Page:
Spinal synaptic mechanisms of pain relief by GABA transporter inhibitors

[Speaker] Misa Oyama:1,2
[Co-author] Shun Watanabe:1,2, Takashi Iwai:1,2, Mitsuo Tanabe:1,2
1:Laboratory of Pharmacology, School of Pharmaceutical Sciences, Kitasato University, Japan, 2:Medicinal Research Laboratories, School of Pharmacy, Kitasato University, Japan

 An excessive excitation in the superficial dorsal horn is considered to contribute to hyperalgesia and allodynia. Normalizing excitatory and inhibitory balance in the dorsal horn is a possible strategy to develop a novel therapeutic drug for chronic pain. To potentiate inhibitory influences, we have focused on GABAergic synaptic transmission, since pharmacological blockade of spinal GABA transporter subtypes 1 and 3 (GAT1 and GAT3) was reported to produce analgesic effects in animal models of neuropathic pain. In the present study, we investigated how GATs blockers affect excitatory and inhibitory synaptic transmission in the dorsal horn in slices prepared from adult mice by using whole-cell voltage-clamp technique.
 The spinal cord slice with an attached L4, L5 or L6 dorsal root was prepared from adult ddY strain male mice. Whole-cell recordings were made from dorsal horn neurons at a holding potential of -70 mV. Glutamatergic EPSCs or GABAergic IPSCs were evoked (eEPSCs or eIPSCs) by stimulating the neighboring area. Miniature EPSCs or IPSCs (mEPSCs or mIPSCs) were recorded in the presence of tetrodotoxin. To record monosynaptic A- or C- fiber-evoked EPSCs, the dorsal root was stimulated through a suction electrode.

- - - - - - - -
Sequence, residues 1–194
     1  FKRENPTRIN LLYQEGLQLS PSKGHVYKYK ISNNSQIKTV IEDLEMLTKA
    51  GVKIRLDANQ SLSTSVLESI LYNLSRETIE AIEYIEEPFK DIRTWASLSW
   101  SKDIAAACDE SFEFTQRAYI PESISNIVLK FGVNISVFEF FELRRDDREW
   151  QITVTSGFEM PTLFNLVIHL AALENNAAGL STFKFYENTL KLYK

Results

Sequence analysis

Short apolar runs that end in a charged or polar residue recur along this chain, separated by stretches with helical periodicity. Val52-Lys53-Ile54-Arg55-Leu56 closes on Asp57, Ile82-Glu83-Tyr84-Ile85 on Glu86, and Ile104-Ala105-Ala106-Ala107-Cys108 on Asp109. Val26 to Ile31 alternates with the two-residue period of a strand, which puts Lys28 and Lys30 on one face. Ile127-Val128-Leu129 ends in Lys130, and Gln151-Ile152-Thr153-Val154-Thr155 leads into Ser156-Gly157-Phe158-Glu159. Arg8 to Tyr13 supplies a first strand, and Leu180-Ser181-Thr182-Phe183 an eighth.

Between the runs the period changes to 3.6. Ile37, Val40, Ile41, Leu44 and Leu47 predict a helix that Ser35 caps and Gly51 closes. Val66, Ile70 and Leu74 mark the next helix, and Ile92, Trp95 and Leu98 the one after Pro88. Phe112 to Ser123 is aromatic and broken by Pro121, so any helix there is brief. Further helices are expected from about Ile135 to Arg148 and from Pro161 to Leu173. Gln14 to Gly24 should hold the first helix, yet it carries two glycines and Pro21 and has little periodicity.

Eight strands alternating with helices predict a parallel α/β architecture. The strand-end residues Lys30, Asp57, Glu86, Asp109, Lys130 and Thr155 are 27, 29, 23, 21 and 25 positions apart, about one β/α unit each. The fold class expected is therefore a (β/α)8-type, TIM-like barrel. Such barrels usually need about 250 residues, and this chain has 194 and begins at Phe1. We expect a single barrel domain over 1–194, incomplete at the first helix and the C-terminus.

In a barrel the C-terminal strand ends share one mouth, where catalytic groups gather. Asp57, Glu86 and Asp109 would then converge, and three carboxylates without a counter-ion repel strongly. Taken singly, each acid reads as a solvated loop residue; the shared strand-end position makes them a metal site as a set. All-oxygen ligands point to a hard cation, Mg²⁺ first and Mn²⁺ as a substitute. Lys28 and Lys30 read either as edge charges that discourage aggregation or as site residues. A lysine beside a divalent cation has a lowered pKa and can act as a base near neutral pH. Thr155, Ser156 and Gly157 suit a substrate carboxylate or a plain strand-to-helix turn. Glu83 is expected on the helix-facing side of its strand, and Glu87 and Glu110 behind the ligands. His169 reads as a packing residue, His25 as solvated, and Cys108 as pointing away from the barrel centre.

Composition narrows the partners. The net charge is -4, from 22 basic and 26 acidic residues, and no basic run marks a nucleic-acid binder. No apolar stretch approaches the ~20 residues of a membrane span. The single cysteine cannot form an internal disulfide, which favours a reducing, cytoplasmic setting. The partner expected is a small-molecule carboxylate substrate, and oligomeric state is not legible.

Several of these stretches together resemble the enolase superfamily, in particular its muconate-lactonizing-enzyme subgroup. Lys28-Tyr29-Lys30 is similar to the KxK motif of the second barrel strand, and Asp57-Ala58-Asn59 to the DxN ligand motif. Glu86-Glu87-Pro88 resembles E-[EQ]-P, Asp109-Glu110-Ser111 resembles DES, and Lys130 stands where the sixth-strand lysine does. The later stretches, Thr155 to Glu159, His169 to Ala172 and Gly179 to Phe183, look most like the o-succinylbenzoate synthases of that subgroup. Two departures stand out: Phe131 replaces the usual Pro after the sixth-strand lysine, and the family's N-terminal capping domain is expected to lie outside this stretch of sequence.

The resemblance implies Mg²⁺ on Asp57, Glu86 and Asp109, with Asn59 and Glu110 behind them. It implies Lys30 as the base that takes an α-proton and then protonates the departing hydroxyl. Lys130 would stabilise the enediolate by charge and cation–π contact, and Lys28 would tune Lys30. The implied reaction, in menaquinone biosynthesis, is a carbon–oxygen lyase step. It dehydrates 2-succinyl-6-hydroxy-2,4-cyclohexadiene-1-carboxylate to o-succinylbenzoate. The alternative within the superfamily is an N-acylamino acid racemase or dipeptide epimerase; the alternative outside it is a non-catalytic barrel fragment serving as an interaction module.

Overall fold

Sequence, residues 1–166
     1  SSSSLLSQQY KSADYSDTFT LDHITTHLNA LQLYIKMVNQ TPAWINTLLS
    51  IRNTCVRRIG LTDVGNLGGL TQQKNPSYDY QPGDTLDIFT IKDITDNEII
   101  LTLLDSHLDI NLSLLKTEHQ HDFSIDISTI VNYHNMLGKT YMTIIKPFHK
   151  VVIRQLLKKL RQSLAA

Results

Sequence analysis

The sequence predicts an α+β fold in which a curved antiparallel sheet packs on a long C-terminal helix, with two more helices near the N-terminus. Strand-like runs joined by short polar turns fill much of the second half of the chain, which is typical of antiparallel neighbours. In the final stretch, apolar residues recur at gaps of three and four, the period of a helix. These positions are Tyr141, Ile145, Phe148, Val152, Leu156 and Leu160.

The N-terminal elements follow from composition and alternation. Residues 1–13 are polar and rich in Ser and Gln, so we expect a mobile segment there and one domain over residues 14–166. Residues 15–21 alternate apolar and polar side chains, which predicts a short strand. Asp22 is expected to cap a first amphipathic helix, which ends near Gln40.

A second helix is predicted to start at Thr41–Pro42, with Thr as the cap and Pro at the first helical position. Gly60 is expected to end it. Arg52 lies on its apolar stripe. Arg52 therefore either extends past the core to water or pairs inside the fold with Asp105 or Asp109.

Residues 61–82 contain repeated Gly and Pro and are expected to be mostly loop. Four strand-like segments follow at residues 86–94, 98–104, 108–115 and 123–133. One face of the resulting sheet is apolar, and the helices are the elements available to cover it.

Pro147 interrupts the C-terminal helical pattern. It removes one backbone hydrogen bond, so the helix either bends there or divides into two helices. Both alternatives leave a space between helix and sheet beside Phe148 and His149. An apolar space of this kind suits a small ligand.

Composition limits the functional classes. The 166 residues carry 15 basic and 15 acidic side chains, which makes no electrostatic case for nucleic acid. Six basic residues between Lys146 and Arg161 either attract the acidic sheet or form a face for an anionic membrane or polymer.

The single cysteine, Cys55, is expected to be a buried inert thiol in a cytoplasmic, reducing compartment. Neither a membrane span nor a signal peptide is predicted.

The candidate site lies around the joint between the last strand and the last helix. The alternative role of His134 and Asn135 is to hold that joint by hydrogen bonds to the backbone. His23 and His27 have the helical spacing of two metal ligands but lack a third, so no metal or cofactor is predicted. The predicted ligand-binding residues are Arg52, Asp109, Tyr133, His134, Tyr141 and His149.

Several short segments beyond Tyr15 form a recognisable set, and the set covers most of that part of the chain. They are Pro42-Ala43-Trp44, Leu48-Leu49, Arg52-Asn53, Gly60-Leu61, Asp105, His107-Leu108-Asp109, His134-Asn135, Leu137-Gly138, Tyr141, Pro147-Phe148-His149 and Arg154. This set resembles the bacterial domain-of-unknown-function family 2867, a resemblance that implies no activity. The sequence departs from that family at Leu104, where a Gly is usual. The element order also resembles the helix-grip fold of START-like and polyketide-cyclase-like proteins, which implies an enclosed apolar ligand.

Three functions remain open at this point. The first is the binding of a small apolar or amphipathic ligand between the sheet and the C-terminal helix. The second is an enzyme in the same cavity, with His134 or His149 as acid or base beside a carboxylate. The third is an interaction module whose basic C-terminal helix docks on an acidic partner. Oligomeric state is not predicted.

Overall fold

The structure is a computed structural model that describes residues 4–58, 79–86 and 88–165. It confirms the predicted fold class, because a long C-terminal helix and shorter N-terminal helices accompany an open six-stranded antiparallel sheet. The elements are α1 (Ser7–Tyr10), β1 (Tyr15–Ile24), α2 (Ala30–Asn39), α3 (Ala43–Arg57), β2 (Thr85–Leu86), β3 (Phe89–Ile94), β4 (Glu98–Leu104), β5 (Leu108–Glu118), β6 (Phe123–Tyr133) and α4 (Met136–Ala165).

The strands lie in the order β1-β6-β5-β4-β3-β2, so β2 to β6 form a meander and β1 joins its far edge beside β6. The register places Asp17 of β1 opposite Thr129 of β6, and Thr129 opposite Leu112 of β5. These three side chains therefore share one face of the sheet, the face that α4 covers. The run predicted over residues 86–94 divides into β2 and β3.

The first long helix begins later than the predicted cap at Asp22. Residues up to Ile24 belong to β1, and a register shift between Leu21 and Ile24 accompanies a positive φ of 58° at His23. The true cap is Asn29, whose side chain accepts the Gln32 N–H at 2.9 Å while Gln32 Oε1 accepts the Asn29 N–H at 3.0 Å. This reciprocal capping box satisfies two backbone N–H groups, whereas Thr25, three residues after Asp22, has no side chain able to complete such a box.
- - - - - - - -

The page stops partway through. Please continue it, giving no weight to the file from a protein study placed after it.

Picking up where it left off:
The GAT1 inhibitor NNC-711 suppressed the amplitude of eIPSCs and the frequency of mIPSCs. However, NNC-711 exhibited more potent inhibition of the frequency of mEPSCs potentially reflecting largely unitary synaptic events derived from spinal intrinsic interneurons, which was antagonized by the GABAB receptor antagonist CGP55845. Consistently, the analgesic effect of intrathecally injected NNC-711 in mice developing mechanical hypersensitivity after partial sciatic nerve ligation was completely abolished by intrathecal pretreatment of CGP55845. By contrast, the GAT3 inhibitor SNAP-5114 decreased the frequency of mIPSCs, reduced the amplitude of eEPSCs, and inhibited the amplitude of A- and C-fiber-evoked EPSCs. mEPSCs were not affected by SNAP.
 GAT1 inhibition appeared to produce GABAB receptor-mediated depression of excitatory neurotransmission derived mostly from spinal interneurons, while the GAT3 inhibition attenuated excitatory neurotransmission derived monosynaptically from primary afferent fibers. Together, inhibition of excitatory transmission rather than inhibitory transmission may contribute to the analgesic effects of GAT inhibitors.
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